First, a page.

by Vexorian (959249)

      But seriously man, I am yet to see firefox go above 120MB, I've seen some trolls saying it can get to 500MB! And who cares if you are not able to play those FULL SCREEN games and have your browser open at the same time? And is it so difficult to got to options\Advanced\Set cache size to 0, there should you go if you got infinite bandwidth and a tendency to open a lot of other applications while browsing?

      Oh my god, I just hate how frequent this flamebait is, people won't switch to opera, seriously get over

  • by Paradigm_Complex (968558) on Thursday May 17, 2007 @03:50PM (#19169087)
    Firefox has an awesome ability to add-on things very effectively. I don't understand why they don't keep fx slim with with all the proposed additional features as external (and hence optional) add-ons. Perhaps the not-so-computer-literate can use the bloated-up version of fx so they don't have to figure out how to use add-ons (I'm still amazed at how computer illiterate people can be), but leave a streamlined version for us techies to add-on options as we choose.
    • Re: (Score:3, Interesting)

      by bfields (66644)

      I don't understand why they don't keep fx slim with with all the proposed additional features as external (and hence optional) add-ons.

      At least some of the complaints I've heard about "firefox bloat" have turned out, on closer examination, to be due to memory leaks in the Flash plugin.

      And that's a disadvantage of plugins: they're complex bits of code that run in the same memory space as firefox and have the ability to screw it up arbitrarily badly, but that aren't part of the main code base, so aren't u

  • Besides the cache (Score:3, Interesting)

    by truthsearch (249536) on Thursday May 17, 2007 @03:53PM (#19169161) Homepage Journal
    So other than the memory cache, what features could be stripped from FF to make it leaner and faster? I know nothing of its internals, but without any extensions it doesn't seem to have many wasteful features.
    • by Reason58 (775044) on Thursday May 17, 2007 @04:05PM (#19169433)

      So other than the memory cache, what features could be stripped from FF to make it leaner and faster? I know nothing of its internals, but without any extensions it doesn't seem to have many wasteful features.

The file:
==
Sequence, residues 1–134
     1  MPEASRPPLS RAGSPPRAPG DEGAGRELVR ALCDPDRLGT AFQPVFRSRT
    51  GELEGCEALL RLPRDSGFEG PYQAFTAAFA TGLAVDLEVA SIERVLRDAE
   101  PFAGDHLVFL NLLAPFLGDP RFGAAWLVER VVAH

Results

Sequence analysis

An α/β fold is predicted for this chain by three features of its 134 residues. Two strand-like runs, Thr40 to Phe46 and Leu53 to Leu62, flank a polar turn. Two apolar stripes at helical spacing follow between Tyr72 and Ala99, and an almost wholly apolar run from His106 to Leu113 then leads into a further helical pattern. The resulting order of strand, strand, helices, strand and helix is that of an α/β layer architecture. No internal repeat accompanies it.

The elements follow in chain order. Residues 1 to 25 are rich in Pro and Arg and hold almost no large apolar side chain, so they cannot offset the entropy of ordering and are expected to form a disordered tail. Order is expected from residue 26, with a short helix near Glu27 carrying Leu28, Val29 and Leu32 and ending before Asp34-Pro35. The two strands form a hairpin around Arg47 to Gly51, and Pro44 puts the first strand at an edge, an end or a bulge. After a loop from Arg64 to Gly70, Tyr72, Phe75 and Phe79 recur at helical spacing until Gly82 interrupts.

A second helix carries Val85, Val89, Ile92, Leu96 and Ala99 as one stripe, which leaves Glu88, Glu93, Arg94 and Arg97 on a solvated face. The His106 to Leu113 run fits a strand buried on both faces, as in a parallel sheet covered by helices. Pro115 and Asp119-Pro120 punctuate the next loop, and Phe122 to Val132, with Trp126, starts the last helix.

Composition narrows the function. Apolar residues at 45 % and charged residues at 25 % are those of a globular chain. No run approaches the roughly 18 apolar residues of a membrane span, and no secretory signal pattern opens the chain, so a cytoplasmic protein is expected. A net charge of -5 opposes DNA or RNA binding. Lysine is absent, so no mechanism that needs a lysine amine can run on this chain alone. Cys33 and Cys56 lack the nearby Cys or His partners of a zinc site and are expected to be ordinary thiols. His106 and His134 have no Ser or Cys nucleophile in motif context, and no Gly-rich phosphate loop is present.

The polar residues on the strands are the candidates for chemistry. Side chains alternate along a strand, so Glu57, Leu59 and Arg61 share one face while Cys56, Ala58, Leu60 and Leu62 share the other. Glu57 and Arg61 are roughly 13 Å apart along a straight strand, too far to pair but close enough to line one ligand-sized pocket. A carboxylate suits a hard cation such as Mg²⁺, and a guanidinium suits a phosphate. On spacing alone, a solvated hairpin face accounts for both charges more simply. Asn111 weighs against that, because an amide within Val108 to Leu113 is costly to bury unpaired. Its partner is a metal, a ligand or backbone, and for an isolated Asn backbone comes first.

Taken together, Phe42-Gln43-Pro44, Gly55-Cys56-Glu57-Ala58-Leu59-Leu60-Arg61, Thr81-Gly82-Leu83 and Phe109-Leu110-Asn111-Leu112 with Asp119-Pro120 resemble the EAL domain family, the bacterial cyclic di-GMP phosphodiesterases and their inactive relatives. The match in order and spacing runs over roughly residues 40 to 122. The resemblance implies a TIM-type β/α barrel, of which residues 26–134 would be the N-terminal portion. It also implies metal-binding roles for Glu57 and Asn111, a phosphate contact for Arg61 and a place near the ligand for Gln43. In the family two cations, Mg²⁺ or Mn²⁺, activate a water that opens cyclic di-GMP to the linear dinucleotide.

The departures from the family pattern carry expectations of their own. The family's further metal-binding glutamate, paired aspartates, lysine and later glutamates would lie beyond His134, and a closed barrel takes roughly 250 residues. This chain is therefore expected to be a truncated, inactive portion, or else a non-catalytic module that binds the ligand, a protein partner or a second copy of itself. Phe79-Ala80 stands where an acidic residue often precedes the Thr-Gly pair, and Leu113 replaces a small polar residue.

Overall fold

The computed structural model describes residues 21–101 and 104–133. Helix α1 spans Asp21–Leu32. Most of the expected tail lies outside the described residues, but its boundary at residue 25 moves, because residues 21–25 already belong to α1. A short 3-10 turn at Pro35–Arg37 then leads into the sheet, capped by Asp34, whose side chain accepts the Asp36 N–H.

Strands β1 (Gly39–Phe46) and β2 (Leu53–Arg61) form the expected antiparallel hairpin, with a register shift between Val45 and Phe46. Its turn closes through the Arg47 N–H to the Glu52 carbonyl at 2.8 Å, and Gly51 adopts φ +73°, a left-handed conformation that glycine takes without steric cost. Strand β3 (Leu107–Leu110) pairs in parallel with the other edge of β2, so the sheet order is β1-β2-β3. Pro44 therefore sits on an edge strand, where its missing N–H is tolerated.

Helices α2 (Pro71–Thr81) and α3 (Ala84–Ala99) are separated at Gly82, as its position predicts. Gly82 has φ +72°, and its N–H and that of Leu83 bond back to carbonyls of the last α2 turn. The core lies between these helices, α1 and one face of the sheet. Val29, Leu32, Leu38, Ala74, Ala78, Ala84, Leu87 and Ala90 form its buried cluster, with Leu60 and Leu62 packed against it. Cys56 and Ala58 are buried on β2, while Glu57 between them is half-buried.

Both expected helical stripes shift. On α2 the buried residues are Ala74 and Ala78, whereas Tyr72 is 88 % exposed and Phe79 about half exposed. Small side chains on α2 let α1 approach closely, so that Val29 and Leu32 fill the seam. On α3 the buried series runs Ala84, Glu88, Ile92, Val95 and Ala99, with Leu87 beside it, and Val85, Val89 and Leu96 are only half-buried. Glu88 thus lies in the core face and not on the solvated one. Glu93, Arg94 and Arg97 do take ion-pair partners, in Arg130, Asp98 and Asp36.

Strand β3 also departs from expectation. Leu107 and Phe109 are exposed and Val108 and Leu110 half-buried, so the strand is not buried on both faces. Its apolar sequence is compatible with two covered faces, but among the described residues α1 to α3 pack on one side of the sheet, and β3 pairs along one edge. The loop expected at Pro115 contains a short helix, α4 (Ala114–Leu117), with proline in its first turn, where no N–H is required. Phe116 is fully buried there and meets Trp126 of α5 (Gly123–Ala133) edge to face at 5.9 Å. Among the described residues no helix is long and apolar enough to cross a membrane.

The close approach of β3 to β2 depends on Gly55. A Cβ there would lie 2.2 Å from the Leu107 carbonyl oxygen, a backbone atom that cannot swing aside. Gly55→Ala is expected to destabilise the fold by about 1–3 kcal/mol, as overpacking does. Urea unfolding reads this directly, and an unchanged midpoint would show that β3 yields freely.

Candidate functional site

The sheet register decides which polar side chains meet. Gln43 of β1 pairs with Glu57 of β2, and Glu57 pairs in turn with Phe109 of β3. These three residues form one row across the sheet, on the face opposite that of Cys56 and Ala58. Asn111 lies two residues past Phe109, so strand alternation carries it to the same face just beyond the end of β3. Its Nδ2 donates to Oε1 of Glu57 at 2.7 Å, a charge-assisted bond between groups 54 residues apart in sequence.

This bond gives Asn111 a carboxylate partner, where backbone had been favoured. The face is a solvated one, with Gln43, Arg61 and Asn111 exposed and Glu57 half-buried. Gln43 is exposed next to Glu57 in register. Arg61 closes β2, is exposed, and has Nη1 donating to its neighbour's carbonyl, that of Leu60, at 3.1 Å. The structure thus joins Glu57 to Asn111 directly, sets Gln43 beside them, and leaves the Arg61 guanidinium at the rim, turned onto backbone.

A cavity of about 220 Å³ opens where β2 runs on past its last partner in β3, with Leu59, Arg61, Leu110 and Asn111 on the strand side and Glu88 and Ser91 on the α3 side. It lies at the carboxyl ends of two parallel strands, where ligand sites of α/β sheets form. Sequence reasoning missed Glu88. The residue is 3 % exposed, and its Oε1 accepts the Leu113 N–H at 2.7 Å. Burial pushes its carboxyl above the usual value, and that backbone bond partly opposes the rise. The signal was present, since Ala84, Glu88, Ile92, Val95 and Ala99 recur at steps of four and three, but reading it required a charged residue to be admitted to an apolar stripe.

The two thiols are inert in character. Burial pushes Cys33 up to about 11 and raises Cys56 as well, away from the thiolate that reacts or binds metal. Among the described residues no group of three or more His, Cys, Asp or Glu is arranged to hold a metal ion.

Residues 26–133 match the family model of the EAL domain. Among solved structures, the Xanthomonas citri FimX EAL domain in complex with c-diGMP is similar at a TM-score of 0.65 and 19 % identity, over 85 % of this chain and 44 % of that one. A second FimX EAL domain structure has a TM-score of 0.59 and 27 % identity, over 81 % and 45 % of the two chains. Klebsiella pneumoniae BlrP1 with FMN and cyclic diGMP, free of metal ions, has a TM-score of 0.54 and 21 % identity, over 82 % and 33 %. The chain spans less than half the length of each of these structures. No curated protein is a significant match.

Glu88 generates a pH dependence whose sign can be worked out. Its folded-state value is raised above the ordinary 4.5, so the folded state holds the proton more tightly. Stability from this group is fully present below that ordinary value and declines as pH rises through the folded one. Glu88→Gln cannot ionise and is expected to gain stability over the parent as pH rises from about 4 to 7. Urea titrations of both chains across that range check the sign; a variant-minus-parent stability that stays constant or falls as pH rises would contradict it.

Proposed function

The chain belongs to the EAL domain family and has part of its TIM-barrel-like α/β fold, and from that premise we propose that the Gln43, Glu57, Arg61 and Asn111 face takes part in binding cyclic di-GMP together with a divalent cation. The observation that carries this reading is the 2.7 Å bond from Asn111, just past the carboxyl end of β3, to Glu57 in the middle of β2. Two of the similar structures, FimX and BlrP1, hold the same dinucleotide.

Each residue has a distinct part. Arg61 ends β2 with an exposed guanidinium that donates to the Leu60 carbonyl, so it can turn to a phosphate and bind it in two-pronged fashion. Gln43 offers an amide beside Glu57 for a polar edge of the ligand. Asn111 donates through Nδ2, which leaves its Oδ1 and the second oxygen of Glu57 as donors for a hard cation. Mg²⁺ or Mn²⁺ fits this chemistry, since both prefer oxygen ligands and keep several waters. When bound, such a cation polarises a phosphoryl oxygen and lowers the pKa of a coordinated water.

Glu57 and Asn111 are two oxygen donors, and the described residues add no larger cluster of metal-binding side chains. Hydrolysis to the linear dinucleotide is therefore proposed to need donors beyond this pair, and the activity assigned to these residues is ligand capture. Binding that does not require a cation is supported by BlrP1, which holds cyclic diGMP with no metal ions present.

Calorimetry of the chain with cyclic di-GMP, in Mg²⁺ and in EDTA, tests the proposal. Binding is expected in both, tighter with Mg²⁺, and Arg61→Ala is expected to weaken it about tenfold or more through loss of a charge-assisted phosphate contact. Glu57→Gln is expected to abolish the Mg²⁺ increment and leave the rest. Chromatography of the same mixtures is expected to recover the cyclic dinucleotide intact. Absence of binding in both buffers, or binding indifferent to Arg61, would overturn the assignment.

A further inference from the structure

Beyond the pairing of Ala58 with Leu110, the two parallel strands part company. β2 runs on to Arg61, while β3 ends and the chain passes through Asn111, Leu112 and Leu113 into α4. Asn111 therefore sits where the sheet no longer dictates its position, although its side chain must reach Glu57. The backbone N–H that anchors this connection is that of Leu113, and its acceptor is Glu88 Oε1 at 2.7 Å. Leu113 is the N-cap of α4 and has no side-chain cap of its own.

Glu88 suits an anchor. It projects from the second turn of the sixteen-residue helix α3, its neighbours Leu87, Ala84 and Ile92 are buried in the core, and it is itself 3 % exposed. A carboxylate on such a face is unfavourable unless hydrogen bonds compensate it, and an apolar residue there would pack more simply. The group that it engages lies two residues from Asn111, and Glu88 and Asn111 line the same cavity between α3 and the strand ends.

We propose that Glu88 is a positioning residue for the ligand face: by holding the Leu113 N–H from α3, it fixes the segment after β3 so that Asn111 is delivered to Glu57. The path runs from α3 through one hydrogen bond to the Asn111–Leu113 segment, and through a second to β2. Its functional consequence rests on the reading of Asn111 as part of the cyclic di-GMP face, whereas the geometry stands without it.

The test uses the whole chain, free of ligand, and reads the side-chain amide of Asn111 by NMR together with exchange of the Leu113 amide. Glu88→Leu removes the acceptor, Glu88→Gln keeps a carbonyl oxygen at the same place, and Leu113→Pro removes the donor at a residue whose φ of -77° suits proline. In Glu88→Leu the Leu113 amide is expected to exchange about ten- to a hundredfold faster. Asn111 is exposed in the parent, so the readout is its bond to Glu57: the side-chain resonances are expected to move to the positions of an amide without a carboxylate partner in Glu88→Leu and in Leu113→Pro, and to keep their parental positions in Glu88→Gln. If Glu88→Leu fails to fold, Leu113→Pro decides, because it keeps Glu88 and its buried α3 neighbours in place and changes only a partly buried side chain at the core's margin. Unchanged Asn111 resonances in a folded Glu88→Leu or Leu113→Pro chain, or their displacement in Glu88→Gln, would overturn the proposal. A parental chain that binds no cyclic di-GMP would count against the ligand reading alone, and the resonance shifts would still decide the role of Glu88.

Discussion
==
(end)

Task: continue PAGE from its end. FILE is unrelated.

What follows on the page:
A quick glance at the Firefox features page lists these things, which as far as I'm concerned are bloat as they are not fundamental to a web browser:

      • Spell Checking
      • Search Suggestions
      • Session Restore
      • Web Feeds (RSS)
      • Live Titles
      • Integrated Search
      • Live Bookmarks
      • Pop-up Blocker
      • Accessibility
      • Phishing Protection
      • Automated Update

      I don't see any reason why all of those things are integrated and not seperate addons. And that list gets bigger with each new version.

      • by Anonymous Coward on Thursday May 17, 2007 @04:45PM (#19170281)
        Face it, folks - Phoenix was about slim, slim, slim. Firefox is NOT - it's about best-of-breed. For all the talk of bloat, take one look at things like the default toolbar layout (simple and streamlined), preferences (compare it to Mozilla or IE), and menu layout (again, dare to compare). Internal things like memory management and feature support may have increased, but the user interface has remained streamlined and efficient. THAT is what is important to the vast majority of users.

        As to the parent post, let's see now:

        RSS Support:
        • Web Feeds (RSS)
        • Live Titles
        • Live Bookmarks

        I could easily see removing RSS support. Firefox's implementation is nothing an extension couldn't do, and do much better. It's a joke for handling more than a handful of feeds, and stifles development of third-party extensions. Gee, and we used to complain about competing against built-in programs...

        Security:
        • Pop-up Blocker
        • Phishing Protection
        • Automated Update

        Can you honestly say a browser should be shipped without these, or even an option to not install them? Especially for the popup blocker - are you insane, or have you simply forgotten what the popup-infested web was like? Phishing protection is unobtrusive and useful, as is auto-update.

        Miscellaneous:
        • Spell Checking
        • Integrated Search
        • Search Suggestions
        • Session Restore
        • Accessibility

        Integrated search was one of the highlights of Mozilla ages ago, and is now a standard feature in every single browser. Firefox/Mozilla did a particularly good job by adopting an existing open format (from Apple's Sherlock) rather than reinventing the wheel. Search suggestions are the latest evolution of that (primarily thanks to Google Suggestions, if I'm not mistaken). Spell check is marginal - many operating systems offer their own - but I don't see how a third-party extension could improve upon it. Accessibility is just critical for those who need it. Session Restore I'm torn on, as many extensions handled it, but not necessarily well. I see that as the Firefox team deciding to take all of the lessons learned from the third parties, and do it right (much like Apple did with iTunes 1.0).